Are you intrigued by the possibilities that machine-interpretable semantics open up? Would you now like to know which technologies will enable you to describe APIs semantically? Read on for more information.
In our last article, we introduced you to the things you can potentially do when machines are able to reason about the wording of APIs. To do this, APIs have to be semantically annotated.
Don’t forget that it’s possible to add semantics to your existing APIs and web pages, so instead of starting everything from scratch, all you need do is add to what you already have.
You will need two things: semantic vocabulary (or ontology) and the technology to annotate documents sent by your APIs. …
It’s certainly true that if machines can interpret words like we humans do, they become capable of doing lots of smart tasks, some of which can save us precious time as organizations, developers and users. Importantly, this ability also helps to reduce client-server coupling. Read on to find out more.
The term “semantics” refers to the meaning of words. More specifically, it is a branch of linguistics that studies “what is signified”, i.e.: the things we talk about and what we mean when we do. Memorize this word because it appears throughout this article.
Whether you are a developer or an internet user, you use semantics all the time. If you are searching for a place or musician on Google, for example, the “knowledge graph card” on the right-hand side (ringed in blue in the screenshot below) uses this technology. …
That said, let’s take a look at the solutions available to us in each category. …
Imagine for a moment that all the links for websites you use have disappeared. In their place, you find a user guide on how to create URLs yourself as well as on how to create an HTTP request to comment on a Facebook photo. Let’s say that, for convenience’s sake, you use code to automate the creation of links. (It is 2019 after all!) And now every time the website is changed, you have to modify your code. Sounds absurd, doesn’t it? Nevertheless, this is the daily reality for developers using APIs. …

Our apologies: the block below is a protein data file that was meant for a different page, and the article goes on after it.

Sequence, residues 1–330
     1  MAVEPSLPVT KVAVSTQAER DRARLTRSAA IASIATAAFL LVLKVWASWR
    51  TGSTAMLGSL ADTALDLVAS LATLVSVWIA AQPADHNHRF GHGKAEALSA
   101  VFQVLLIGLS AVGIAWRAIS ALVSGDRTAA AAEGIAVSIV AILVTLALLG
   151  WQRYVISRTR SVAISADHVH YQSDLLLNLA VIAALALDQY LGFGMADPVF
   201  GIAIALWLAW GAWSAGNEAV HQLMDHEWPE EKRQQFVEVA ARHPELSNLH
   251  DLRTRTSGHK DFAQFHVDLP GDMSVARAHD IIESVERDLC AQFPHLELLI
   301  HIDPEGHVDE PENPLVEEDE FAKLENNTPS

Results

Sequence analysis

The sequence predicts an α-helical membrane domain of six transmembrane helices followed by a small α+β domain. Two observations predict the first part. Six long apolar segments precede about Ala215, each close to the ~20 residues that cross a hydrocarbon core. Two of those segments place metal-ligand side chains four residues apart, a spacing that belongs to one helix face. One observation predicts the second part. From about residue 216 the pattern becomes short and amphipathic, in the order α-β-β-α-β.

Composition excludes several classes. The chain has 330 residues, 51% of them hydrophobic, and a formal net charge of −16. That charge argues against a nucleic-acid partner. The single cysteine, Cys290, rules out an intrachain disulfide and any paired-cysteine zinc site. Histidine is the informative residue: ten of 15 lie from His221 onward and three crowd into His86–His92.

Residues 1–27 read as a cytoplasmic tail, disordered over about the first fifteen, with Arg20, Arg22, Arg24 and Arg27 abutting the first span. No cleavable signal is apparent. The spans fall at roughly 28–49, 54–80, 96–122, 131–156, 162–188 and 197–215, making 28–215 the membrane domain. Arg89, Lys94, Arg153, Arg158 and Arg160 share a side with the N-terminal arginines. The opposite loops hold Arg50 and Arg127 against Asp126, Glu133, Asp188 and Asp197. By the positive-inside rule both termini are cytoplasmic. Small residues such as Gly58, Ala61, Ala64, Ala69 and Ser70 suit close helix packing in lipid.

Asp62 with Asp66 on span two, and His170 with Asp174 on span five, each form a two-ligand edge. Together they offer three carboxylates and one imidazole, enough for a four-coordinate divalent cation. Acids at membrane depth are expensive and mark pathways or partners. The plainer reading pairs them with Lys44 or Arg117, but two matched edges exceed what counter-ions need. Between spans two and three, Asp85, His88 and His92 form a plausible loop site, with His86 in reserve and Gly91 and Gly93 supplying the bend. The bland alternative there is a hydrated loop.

We were interested in the exciting issues faced by IS departments on a daily basis and wanted to know which were the most important to address.
The questionnaire, dataset and a link to the raw data are provided at the end of the article.
In our study, we asked the participants to choose the three most significant problems they face from the following list:
The year 2014 has seen the birth of the Reactive Manifesto which emphasizes the development of responsive, resilient, elastic and message driven systems. Since then, more than 22.000 people signed it and some major librairies were born to help developers build such reactive systems.
In the Java world first came RxJava and then Reactor, developed by Pivotal, the company behind Spring Framework. This is how Spring Framework 5.0.0 brought a whole new Reactive Stack beside the famous Servlet Stack, in Sept. 2017, named WebFlux.
“Spring WebFlux is a non-blocking web framework built from the ground up to take advantage of multi-core, next-generation processors and handle massive numbers of concurrent connections.” …
This article is the forth of a series which goal is to guide you through the process of creating, manipulating and managing the execution of the Reactive Streams that offer Reactor through the Mono and Flux classes.
In the first three articles we covered how to create Mono and Flux, how to apply transformations to the data they hold and how they behave.
In this forth article, we will see how to take control over the way Flux and Mono are executed, either sequentially or in parallel. And also how to configure on which thread pool to run all the operations, or only one operation. …
This article is the third of a series which goal is to guide you through the process of creating, manipulating and managing the execution of the Reactive Streams that offer Reactor through the Mono and Flux classes.
In the first two articles we covered how to create Mono and Flux, and how to apply transformations to the data they hold.
In this third article, I’ll show you how these two classes behave.
By definition, every stream is lazy. This means that nothing is executed until you consume the stream. With Mono and Flux, the method to consume them is
This article is the second of a series which goal is to guide you through the process of creating, manipulating and managing the execution of the Reactive Streams that offer Reactor through the Mono and Flux classes.
In this second article, I’ll show you how values in Mono and Flux can be modified and transformed. We’ll do this through examples.
Let’s say you want to compute the square of every integer value in the interval 1 to 100. To do this with a Flux, you first have to create a Flux containing all the integer values from 1 to 100, doing
Working with this library can be difficult at first. This series of articles will guide you through the process of creating, manipulating and managing the execution of the Reactive Streams that offer Reactor through the Mono and Flux classes.